God has spoken at many times and in many ways throughout the created history, yet we don’t have access to every word He has spoken. What we have access to is a canonical document, a document that God has ordained as a standard of truth so that those who follow Him might be able to perform every good work (1 Tim. 3:16-17). The Bible gives us necessary categories for interpreting the world—it is sensible, created, not God, it reveals God, it is originally good yet cursed, etc.—and the true account of its history necessary to understand everything that exists and takes place within it. Therefore, though all objects of knowledge reveal God and function in a normative way, the Bible has been ordained by God to have a special place—a uniquely normative function. It is the ultimate reference point, to which all our fallible judgments must be compared.2 If God’s interpretation of creation and God’s revealed Scriptures are ultimately normative, this has significant implications for the way we seek knowledge: it determines our ultimate authority.


Every time we seek to know something, we do so with reference to an authority: we consciously or sub-consciously have a standard to which we give the final decision whether something is to be believed or not. All worldviews have an ultimate authority: for any unbelieving worldview, this authority is ultimately man himself, but for the Christian it can only be God. If only two levels of reality exist, the creator and the creature, then our ultimate epistemic authority must rest on one of these two levels: either God our creator is the final measure of truth of His creatures are. Once we eliminate God, we are left with man—man is the one who interprets the world, uses reason, creates idolatrous religions (though sinful spiritual beings may at times be involved too). The worldviews that most explicitly put humanity in the seat of ultimate authority are those descended from the Enlightenment, the various forms of Modernism and Post-modernism.3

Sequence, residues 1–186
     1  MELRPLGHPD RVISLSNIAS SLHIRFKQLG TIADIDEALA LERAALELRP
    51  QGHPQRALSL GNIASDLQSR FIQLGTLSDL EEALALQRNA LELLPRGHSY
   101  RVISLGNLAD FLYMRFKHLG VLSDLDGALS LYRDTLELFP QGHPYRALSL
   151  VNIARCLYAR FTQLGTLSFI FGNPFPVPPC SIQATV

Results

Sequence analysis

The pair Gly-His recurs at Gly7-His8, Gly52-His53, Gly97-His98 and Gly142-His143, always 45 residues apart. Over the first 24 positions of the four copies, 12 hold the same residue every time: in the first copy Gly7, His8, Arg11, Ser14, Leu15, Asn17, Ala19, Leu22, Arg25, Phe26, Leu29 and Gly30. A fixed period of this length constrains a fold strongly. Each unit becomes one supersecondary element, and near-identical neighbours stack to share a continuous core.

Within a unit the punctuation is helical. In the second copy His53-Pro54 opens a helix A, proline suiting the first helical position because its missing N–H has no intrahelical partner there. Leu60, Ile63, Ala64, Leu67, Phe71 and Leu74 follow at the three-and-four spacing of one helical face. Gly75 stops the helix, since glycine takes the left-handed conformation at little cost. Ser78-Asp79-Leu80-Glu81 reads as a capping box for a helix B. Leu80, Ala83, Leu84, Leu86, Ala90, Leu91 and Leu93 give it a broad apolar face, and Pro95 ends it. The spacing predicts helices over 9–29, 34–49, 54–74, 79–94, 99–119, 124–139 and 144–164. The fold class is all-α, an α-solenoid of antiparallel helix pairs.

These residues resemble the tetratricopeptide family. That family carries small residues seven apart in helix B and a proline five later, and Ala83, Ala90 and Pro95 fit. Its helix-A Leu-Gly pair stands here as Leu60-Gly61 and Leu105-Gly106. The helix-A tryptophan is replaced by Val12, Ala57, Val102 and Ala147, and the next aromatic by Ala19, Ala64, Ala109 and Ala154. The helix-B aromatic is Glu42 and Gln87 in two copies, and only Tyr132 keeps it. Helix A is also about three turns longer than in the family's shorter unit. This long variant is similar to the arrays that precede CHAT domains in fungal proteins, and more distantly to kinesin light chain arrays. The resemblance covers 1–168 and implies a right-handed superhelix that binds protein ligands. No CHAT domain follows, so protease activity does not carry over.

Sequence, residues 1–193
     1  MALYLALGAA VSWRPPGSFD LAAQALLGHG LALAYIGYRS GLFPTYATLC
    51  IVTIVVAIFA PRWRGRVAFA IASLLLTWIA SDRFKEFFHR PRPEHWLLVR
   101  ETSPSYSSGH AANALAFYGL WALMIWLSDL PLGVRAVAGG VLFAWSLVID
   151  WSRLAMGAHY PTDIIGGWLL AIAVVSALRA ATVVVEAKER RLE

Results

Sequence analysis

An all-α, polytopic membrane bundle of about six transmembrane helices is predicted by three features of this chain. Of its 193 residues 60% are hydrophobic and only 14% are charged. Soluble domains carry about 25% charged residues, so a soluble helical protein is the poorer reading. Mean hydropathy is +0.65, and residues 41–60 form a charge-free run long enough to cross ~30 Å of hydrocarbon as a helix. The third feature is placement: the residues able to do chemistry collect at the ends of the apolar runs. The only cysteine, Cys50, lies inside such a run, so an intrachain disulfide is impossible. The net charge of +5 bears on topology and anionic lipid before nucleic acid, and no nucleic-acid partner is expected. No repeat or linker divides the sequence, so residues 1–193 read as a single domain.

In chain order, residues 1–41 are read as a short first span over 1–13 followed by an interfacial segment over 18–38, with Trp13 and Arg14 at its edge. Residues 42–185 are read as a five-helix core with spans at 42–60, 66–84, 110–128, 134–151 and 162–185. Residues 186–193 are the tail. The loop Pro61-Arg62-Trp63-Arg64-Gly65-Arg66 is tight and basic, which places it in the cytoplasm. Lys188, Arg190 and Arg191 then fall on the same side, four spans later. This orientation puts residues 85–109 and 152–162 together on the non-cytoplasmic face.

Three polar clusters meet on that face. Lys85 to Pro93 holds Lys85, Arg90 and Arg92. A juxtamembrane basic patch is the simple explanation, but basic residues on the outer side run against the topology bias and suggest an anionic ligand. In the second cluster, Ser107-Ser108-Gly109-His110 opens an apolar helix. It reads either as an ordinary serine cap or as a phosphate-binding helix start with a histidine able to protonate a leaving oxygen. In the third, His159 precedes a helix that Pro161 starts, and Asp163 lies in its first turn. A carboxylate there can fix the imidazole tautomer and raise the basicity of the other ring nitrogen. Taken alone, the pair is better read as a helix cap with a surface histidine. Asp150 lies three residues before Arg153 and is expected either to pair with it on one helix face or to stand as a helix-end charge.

The entire project of Modernism rests on the assumptions that the universe is a closed system without any outside interference and that human beings have the capacity to rightly interpret and systematize this universe: in theology, this was seen in the exclusion of God from reality. God was either made so immanent that he collapsed into man (e.g., Schleiermacher, Hegel, Feuerbach, Bultmann) or so transcendent that he left humanity alone or was radically independent even from its thinking (e.g., Deism, Kant, Harnack, Barth).

In Modernism, God is excluded from the realm of rational thought: what is true is what corresponds to man’s experience and is derivable from their or is deducible from man’s reason. In Post-modernism, the same authority is given to man, but it is denied that one man’s interpretation of the world, history, or even a text is determinative for others. There is no one right interpretation: the subject is so inextricably involved in knowing and experiencing the world that meaning doesn’t ultimately exist apart from each individual’s interpretation.